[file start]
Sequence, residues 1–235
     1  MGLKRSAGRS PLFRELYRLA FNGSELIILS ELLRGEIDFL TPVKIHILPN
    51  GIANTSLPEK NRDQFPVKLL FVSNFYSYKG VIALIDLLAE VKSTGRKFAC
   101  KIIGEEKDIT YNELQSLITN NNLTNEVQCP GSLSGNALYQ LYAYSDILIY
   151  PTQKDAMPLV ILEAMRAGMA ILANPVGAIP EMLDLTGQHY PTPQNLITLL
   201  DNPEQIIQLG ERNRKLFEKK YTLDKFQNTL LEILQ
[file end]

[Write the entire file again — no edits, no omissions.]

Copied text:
Sequence, residues 1–235
     1  MGLKRSAGRS PLFRELYRLA FNGSELIILS ELLRGEIDFL TPVKIHILPN
    51  GIANTSLPEK NRDQFPVKLL FVSNFYSYKG VIALIDLLAE VKSTGRKFAC
   101  KIIGEEKDIT YNELQSLITN NNLTNEVQCP GSLSGNALYQ LYAYSDILIY
   151  PTQKDAMPLV ILEAMRAGMA ILANPVGAIP EMLDLTGQHY PTPQNLITLL
   201  DNPEQIIQLG ERNRKLFEKK YTLDKFQNTL LEILQ